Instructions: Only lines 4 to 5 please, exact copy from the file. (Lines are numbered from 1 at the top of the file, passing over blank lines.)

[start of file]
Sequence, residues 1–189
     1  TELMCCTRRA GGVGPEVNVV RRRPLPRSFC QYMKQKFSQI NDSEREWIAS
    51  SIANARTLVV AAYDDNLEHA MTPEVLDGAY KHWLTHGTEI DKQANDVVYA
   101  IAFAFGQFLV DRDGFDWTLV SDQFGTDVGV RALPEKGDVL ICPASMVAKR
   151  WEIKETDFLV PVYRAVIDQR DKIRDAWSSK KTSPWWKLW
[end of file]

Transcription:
   101  IAFAFGQFLV DRDGFDWTLV SDQFGTDVGV RALPEKGDVL ICPASMVAKR
   151  WEIKETDFLV PVYRAVIDQR DKIRDAWSSK KTSPWWKLW